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Home News Archive Capitalization and Expensing Part 3

Capitalization and Expensing Part 3

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In the two previous articles we discussed basic GAAP requirements and some of the fundamental FAR and CAS requirements that may supersede GAAP requirements, especially for government contractors that are subject to Full CAS coverage.

Link to Part 1

Link to Part 2

This article will explore some of the compliance challenges in a government contracting environment. As we hope to demonstrate, sometimes you have to throw out everything you thought you knew in order to comply with the requirements. It can be tough to try to explain what’s going on to people who thought they had it all down.

Expensing and Capitalization Revisited

In Parts 1 and 2, we explained that the 205-11 cost principle required contractors subject to Full CAS coverage to comply with the requirements of CAS 404 (to determine the value of the capital asset) and CAS 409 (to determine the estimated service life and the amount of annual depreciation associated with the capital asset). We told you that assets valued at $5,000 or more, which had an estimated service life of two years or more, were required to be capitalized. If the asset was valued at less than $5,000 or had a service life of less than two years, the contractor had some discretion in the expensing/capitalization decision (so long as it consistently followed its written practices). Seems pretty straightforward.

But hold on there.

What about direct contract costs?

Suppose you have a contract that requires a test station to be constructed. The value of the test station is $100,000. It is expected to have a useful life of 5 years. According to what we thought we knew, we are required to capitalize that test station.

But not always. If the test station is a contract requirement, the contractor can charge the entire $100,000 to the contract. The $100,000 will be expensed as costs are incurred.

The same is true for direct material costs. A part that costs $50,000 might well be directly charged to the requiring contract as an expense.


Don’t believe us? Check out CAS 411, which states “The cost of units of a category of material may be allocated directly to a cost objective provided the cost objective was specifically identified at the time of purchase or production of the units.”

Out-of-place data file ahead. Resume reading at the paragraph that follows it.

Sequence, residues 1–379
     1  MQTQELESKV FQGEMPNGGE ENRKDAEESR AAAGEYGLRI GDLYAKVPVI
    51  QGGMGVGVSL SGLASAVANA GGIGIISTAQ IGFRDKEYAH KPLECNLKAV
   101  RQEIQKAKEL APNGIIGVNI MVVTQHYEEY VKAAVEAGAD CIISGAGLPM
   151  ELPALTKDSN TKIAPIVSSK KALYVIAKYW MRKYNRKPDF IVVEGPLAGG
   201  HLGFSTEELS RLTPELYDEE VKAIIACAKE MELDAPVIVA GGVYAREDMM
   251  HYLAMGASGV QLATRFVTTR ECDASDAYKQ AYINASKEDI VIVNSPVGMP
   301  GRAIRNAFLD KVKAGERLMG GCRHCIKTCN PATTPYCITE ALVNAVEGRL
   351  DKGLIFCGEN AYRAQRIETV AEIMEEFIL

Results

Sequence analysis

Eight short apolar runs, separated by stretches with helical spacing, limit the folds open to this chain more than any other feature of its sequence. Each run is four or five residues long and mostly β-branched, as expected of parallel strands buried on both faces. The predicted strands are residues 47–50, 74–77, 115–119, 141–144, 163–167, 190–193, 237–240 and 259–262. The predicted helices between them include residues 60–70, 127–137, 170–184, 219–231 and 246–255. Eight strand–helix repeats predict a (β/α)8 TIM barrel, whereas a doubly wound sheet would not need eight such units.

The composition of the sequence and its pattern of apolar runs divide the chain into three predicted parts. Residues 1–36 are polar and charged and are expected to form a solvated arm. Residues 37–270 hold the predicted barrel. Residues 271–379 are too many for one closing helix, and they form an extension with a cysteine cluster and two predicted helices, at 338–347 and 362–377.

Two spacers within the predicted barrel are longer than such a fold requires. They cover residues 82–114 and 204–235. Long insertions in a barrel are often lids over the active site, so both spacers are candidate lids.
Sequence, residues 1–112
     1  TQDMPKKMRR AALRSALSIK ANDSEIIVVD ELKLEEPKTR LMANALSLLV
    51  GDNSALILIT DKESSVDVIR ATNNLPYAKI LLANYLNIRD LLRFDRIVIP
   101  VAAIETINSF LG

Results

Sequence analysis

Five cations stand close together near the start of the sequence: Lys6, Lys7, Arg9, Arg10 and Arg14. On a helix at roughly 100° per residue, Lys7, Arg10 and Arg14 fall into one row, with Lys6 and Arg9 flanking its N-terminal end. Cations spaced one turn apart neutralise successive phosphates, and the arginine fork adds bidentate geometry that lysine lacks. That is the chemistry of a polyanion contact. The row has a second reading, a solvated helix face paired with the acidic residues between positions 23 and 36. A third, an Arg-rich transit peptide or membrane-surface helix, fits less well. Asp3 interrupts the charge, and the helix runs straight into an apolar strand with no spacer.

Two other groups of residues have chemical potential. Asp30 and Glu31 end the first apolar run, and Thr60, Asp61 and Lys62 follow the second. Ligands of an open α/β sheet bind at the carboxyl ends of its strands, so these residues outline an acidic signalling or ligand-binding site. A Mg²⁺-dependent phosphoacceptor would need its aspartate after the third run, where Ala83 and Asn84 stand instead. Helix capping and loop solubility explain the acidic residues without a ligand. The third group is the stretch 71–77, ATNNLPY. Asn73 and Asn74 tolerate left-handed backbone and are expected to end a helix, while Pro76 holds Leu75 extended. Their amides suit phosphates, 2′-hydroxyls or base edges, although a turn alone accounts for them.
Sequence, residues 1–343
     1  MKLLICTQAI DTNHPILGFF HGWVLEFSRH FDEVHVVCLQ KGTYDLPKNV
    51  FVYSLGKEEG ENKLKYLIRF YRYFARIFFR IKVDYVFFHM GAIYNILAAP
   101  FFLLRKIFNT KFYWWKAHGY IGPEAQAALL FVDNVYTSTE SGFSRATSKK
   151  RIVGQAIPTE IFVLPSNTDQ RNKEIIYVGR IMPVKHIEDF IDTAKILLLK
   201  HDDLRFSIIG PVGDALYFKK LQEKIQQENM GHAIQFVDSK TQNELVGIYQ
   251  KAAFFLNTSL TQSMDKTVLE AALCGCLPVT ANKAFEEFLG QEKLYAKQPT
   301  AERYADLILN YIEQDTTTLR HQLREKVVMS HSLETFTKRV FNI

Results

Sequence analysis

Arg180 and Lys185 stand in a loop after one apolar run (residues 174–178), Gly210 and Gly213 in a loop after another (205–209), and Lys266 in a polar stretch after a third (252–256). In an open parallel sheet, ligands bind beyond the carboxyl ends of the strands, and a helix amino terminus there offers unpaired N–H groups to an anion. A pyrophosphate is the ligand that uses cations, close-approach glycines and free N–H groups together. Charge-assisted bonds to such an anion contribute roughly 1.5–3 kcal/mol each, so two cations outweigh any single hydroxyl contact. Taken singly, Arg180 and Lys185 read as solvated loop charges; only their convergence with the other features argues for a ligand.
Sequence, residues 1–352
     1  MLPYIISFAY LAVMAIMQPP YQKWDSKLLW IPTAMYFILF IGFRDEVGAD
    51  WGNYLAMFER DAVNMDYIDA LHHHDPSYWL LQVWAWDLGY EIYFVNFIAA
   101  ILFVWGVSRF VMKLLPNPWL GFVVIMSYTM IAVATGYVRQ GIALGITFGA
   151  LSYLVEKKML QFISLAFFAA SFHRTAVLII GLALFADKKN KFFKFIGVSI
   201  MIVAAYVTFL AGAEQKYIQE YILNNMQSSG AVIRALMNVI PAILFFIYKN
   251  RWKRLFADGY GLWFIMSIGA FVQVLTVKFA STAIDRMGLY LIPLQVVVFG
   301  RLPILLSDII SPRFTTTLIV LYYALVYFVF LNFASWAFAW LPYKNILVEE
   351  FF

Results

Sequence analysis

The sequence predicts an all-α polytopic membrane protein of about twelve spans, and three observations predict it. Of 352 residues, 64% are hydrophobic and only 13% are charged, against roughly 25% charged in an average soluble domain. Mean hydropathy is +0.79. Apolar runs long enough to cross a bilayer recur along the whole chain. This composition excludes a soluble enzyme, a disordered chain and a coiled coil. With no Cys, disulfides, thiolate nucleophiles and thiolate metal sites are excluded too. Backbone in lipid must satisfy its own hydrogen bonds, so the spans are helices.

Check out the cost principle at 31.205-40 (Special Tooling and Special Test Equipment Costs), which states “The cost of special tooling and special test equipment used in performing one or more Government contracts is allowable and shall be allocated to the specific Government contract or contracts for which acquired …”

Thus, it seems apparent that certain transactions are exempted from the standard capitalization criteria. The primary distinguishing characteristic of such transactions is that they are direct contract costs. A contractor may choose to treat those direct contract costs as current period expenses, even if they would otherwise be required to be capitalized.

This is not as much of a free pass as one might think. There are rules regarding when a transaction may be treated as a direct contract cost. For example, see 31.201-4(a) and the definition of “direct cost” at FAR 2.101. In addition, we devoted an article to the notion of “authority to acquire,” which we broadly defined as “the terms of the prime contract (or higher tier subcontract) gives the entity performing the contract the authority to procure the stuff necessary to execute the contract’s (or subcontract’s) Statement of Work (SOW).” We noted in that article that contractors who charge goods and services directly to their government contracts without that authority run some risks. We summarized the situation thusly: “… goods and services obtained and direct-charged without the requisite authority to acquire can impact every one of the six DFARS business systems. They can impact financial results. They can impact tax reporting. They can, in extreme cases, lead to disputes and litigation.”

So yeah, not really a free pass. But still, valid direct charges will supersede the GAAP and FAR and CAS requirements that we thought we knew.

Direct vs. Indirect Revisited

One of the more interesting questions we encounter, from time to time, is whether a contract requirement must be directly charged to the requiring contract. Can you sometimes take a contract requirement and, instead of treating it as a direct contract cost, treat it instead as a capital asset on your balance and recognize the cost ratably over time through depreciation?

Sure you can.

We mean, not always. If you are building a contract deliverable then we’re fairly sure that the costs of that deliverable must be charged to the contract, regardless of contract type. But take the example from a couple of paragraphs above, where you have a $50,000 test station you need to build. Assume it’s not a deliverable, you simply need it to test widgets and you expect it to last for five years. You are going to test widgets and you may have multiple contracts during that five-year period. As we know, the cost principle at 31.205-40 permits you to direct charge that piece of special test equipment directly to the contract. You can do that. But must you do that? The answer—perhaps surprisingly—is no. You can, but you don’t have to.